So the long and the short of it is that I don’t have a preference. 4E combat in particular is a very different experience from 3E or 5E, and the question is do you want that experience? When I was working on a different campaign setting a few years back – Codex – I was considering not just making it system neutral but encouraging people to change systems between adventures, picking the system that best models the story you want to tell. In retrospect that’s a lot of work (mainly converting characters constantly), but to me it’s still a case that each system has different strengths – find the one that YOU like best. Eberron will work wherever you go.

I would love an article on Eberron’s magic (level) and the new rules system with its “even low level magic items are mighty”-approach. 

In the comments on the last update, Pteryx suggests a “Book of Everyday Magic” to address this point, and I think that’s a great idea. I see what 5E is trying to do with the “even low-level magic items are mighty” approach, and I’m not opposed to it; when I’m playing 5E, it IS kind of cool that my +1 sword is a big deal… especially in contrast to 4E, where you’ve got to constantly be upgrading every slot to be on par with your level. At the same time, I don’t feel that this rules out the general feel of Eberron, which has always been “wide magic, not high magic.” You can still have the streets lit with continual flame and airships in the sky even if +1 weapons are rare. The cantrip prestidigitation allows the caster to heat, chill, flavor, or clean… So an innkeeper (especially a Ghallanda innkeeper) might have a chest that keeps contents cool, a pan that instantly cooks with no heat, and a broom that instantly cleans a room in one sweep. Canon sources already mention the idea that Aundair has cleansing stones that serve as communal washing machines. Even when it comes to weapons and armor, you can have minor effects that are clearly useful magic without actually providing a full +1 enhancement. Imagine a suit of armor or a sword with an innate mending effect – over the course of an hour, it will restore itself to pristine condition, eliminating dents or rust. Such a sword would sharpen itself. Now, in mechanical terms players never worry about rust or sharpening weapons… but that just mean you’d want to call out that something remarkable is going on here!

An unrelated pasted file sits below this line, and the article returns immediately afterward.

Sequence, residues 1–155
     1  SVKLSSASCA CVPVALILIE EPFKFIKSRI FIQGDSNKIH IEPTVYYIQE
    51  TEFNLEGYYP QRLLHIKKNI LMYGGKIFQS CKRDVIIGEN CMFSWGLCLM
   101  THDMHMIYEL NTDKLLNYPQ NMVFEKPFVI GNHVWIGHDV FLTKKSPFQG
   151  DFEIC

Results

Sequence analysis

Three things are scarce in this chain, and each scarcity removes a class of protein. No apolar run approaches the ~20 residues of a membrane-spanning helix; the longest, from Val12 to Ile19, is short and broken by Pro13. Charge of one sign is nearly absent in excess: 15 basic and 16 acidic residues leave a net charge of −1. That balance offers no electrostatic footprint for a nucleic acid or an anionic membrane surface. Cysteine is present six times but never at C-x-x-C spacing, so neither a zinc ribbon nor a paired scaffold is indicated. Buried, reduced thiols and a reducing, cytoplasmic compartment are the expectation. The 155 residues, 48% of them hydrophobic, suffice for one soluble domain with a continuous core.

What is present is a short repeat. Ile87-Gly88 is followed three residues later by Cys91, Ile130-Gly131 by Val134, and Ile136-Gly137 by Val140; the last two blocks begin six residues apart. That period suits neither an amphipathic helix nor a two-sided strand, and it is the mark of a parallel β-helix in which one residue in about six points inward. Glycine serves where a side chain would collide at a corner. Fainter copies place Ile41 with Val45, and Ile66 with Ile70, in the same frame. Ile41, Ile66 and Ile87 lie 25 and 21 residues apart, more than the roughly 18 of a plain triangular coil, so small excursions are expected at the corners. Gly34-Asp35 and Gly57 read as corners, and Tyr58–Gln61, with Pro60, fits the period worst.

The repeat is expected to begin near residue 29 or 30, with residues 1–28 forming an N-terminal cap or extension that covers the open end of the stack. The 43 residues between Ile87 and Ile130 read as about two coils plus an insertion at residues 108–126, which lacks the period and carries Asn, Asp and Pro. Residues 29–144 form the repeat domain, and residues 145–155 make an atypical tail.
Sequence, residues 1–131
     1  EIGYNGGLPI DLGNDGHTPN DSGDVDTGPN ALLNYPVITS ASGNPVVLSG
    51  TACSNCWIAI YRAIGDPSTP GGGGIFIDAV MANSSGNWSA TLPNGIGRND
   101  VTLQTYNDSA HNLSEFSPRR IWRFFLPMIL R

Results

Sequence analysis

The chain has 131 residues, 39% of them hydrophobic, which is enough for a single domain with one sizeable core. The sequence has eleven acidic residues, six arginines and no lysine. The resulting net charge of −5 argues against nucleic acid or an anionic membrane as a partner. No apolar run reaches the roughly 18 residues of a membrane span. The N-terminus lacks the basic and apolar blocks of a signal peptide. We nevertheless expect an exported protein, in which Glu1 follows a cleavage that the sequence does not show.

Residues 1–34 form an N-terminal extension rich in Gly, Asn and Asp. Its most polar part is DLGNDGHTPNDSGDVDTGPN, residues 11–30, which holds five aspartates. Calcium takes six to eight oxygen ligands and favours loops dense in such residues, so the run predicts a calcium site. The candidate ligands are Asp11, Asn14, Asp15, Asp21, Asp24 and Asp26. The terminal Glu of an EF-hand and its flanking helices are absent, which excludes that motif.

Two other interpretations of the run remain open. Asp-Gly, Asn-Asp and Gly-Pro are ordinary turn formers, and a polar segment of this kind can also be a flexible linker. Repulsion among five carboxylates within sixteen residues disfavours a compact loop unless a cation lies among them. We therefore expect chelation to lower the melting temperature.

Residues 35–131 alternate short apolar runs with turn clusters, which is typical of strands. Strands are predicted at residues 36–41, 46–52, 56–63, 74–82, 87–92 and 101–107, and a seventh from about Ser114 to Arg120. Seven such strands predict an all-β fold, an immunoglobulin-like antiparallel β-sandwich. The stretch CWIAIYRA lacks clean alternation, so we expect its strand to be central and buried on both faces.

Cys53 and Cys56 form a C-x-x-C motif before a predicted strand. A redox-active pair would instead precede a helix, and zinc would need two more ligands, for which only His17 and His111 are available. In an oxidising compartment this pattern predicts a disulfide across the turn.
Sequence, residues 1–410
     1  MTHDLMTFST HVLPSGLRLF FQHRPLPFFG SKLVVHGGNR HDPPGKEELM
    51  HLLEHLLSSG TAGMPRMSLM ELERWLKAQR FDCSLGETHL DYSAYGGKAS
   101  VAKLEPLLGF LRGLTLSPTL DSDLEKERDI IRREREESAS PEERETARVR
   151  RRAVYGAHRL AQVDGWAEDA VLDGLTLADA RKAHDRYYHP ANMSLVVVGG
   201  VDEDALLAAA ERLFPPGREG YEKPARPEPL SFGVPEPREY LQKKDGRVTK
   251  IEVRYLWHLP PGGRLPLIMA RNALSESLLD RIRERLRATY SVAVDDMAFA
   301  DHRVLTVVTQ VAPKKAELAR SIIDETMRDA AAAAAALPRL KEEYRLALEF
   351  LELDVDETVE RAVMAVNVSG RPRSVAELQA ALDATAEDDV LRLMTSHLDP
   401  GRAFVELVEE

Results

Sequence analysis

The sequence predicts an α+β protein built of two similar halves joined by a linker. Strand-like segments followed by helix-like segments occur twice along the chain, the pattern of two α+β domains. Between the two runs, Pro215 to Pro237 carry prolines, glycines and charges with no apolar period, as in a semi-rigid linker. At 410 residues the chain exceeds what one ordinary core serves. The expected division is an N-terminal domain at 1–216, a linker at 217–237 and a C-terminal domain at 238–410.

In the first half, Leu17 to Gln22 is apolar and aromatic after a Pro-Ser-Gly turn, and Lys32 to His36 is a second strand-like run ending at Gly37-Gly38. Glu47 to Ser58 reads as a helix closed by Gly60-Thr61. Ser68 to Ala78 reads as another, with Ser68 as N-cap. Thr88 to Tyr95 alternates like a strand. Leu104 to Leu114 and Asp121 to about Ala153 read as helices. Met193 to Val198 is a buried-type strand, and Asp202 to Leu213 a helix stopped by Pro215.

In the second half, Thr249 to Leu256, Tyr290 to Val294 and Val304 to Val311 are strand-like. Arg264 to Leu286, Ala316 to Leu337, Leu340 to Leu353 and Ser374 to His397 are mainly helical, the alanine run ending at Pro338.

Essentially, the issue is that 5E wants to make a +1 enhancement feel powerful… which means that magic items with a direct effect on COMBAT (or healing, spell recovery, or other things that affect combat capabilities) need to be rare. But that still leaves room for lots of everyday magic, and someday when I have time I’d love to create that Book of Everyday Magic.

Can you think of another new class unique to Eberron other than the Artificer?

There was another class we considered when we were originally developing Eberron. We called it the Journeyman, but “Everyman” or “Unlikely Hero” would have worked just as well. In pulp stories, you often have a normal person who gets swept up in the adventure and carried along with the heroes. A nosy reporter, a bartender whose bar got burnt down, a spunky kid, a nightclub singer who just happened to be dating the hero. We considered a variation of this for Eberron: the character who is NOT an adventurer, not a warrior or a wizard, but who nonetheless gets caught up and carried along with the adventurers… the Watson to Holmes, or the Xander to Buffy.